The Uncommon Sense approach is very different. It uses an engaging half-day single activity event for a large volume of candidates (this can cater for over fifty candidates at a time). Candidates work in small teams who collaborate and compete, subjected to cleverly tailored interventions that test the identified success and failure profiles. The well-established assessment centre ratio of 2:3, is slashed here to one assessor per six candidates. Now that makes financial sense – the uncommon sense becomes even more attractive, when considering that the same assessment team can run two groups per day, enabling the assessment of over hundred candidates per day, and a thousand candidates over ten working days. Common sense argues that the assessment centre should be based on a work stimulation as a close to the real environment as possible. However, such an approach has been shown (Justin Menkes: Executive Intelligence) to be a better test of previous job knowledge than of ability.
An uncommon sense approach is the Art Event, a creative activity focused for a large candidates’ group, who works in small teams. The large group has to create a drawing on a massive scale, while each of the small teams has a specific contribution to make towards this overall group outcome (see Picture #1 as an example of a 15-panel drawing – 3.3m x 2.8). The event is staged to include tailor-made realistic interventions that test the specific success profiles and failure profiles.
Once assessed, it makes sense to appoint the strongest candidates. But this common sense has a built-in flaw. It demolishes diversity within the organisation, and diminishes the potential of the organisation to tackle future challenges. We end-up with a one-dimensional organisation, with a clearly defined, but rather narrow, set of skills, and limited capacity to develop complimentary skills to respond to changing demands.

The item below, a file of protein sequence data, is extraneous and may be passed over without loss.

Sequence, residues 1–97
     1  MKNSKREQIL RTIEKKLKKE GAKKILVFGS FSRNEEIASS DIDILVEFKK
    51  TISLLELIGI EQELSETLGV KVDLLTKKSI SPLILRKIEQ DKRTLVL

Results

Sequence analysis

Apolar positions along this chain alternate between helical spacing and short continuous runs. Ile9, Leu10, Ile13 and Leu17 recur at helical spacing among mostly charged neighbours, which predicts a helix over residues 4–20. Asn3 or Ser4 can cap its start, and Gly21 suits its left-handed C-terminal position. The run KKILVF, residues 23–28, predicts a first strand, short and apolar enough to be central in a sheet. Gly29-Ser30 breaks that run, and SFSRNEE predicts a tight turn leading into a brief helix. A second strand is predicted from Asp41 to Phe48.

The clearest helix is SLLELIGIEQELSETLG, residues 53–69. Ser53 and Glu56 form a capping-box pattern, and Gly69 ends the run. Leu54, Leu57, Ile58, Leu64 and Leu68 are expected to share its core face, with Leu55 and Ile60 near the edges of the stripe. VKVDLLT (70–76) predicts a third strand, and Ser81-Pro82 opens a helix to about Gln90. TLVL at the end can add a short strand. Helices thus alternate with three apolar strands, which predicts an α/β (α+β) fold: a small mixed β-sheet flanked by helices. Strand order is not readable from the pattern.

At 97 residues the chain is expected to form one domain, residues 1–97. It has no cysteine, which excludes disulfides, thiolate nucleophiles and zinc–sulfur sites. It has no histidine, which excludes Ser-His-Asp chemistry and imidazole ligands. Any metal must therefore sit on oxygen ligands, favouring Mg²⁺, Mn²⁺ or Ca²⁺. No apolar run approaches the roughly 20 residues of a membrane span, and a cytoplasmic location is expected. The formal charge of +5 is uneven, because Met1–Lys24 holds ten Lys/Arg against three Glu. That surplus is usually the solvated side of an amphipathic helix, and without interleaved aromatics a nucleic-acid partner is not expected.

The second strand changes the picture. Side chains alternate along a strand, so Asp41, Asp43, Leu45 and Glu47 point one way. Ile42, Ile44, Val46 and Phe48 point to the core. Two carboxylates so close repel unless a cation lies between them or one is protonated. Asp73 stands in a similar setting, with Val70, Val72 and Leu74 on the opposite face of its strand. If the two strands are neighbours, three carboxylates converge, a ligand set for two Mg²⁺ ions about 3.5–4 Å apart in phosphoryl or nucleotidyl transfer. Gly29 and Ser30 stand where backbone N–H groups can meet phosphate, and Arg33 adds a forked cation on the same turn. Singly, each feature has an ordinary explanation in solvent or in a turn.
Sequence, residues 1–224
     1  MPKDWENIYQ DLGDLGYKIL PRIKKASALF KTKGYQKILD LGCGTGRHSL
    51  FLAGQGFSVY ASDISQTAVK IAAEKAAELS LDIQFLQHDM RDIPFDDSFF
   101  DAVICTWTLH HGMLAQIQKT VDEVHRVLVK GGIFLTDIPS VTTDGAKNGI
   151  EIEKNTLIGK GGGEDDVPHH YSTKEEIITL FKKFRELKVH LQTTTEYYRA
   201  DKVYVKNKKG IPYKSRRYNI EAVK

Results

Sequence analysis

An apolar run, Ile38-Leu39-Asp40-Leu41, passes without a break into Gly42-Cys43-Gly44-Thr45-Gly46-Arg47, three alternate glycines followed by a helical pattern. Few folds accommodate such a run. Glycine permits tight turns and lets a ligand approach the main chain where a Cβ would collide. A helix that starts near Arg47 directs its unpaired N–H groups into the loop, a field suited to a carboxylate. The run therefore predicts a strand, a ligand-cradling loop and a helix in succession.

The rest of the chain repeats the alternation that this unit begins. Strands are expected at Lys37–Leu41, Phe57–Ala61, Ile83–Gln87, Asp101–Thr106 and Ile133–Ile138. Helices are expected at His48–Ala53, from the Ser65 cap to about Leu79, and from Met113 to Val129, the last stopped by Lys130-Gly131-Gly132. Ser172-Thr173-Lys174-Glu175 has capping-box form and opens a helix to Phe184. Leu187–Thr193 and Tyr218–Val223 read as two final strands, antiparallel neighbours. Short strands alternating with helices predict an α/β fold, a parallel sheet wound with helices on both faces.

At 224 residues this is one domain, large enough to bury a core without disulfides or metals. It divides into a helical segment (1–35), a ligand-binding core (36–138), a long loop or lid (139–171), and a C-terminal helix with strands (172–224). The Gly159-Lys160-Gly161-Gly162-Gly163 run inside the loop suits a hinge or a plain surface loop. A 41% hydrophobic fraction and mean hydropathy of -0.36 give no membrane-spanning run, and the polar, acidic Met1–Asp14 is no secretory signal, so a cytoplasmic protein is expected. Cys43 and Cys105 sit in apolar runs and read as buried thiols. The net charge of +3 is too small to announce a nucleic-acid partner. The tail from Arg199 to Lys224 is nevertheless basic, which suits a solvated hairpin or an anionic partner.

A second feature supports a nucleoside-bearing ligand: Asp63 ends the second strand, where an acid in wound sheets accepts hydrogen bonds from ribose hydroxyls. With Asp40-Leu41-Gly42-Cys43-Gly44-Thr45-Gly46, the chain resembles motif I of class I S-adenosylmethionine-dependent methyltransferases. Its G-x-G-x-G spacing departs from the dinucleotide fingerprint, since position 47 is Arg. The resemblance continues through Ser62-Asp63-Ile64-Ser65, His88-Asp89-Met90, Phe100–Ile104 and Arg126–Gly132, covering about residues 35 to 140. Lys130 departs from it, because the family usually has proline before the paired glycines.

Football teams provide a good analogy. In a football team there are three key roles – Defender, Midfield, and Forward. Any team must have a good balance of players in each of the roles. A team of only Forward players, regardless the fact that they are all world-class (‘A’ players), is imbalanced and ineffective.
The same applies to work. The team cannot have only one type of success profile to be effective. The number of success and failure profiles will vary, but for the purpose of team configurations, it is useful to identify a small number of core success profiles, and ensure that each team has a relatively balanced spread of the different profiles.
Uncommon sense advocates the assessment of all team members and classification of each member into one of the key success profiles. Then, examining the configuration of the team, and ensuring that teams have a good balance of the different profiles, or at minimum a representation of all the profiles within it. Hence, when recruiting new members, the team they fit into should be considered. Table #3 offers a hypothetical example of three 9-member groups with varied distribution of three success profiles (X, Y, & Z) and the actions required to balance these with minimal disruption.
An uncommon sense approach, we believe, can lead to faster, cheaper and more robust results for all resourcing strategies. An uncommon approach can therefore lead to uncommonly good results.
|TABLE #3: Teams’ reconfiguration|
|Team A||X X X|
X X X
X X X
|Transfer 3 ‘X’ profiles to Team C. Get 1 ‘Z’ profile and 2 ‘Y’ profiles in return||X X X|
X X X
Z Y Y
|Team B||X X X|
Z Z X
Y Y Y
|No Change||X X X|
Z Z X
Y Y Y
|Team C||X Y Y|
Y Y Y
Z Z Z
|Exchange with Team A 2 ‘Y’ profiles and 1 ‘Z’ profile for 3 ‘X’ profiles||X X X|
Y Y Y
X Z Z
The data for this study was drawn from a series of over 20 recruitment campaigns using the Uncommon Sense approach. About 45% of the candidates short-listed for the various campaigns were rated ‘A Player’ on the Uncommon Sense process. About a third were rated ‘B-Players’ and just about 22 who were rated ‘C-Players’. Candidates success was measured on a 6-point scale based on Board Interview (client) and assessment centre findings: 5= Excellent; 4= Strong; 3= Above the line; 2= Below the line; 1= Poor; 0= Disaster. Table # 4 contrasts initial stages of the campaign with the final stage of an Assessment Centre.
|TABLE #4: Validation Findings|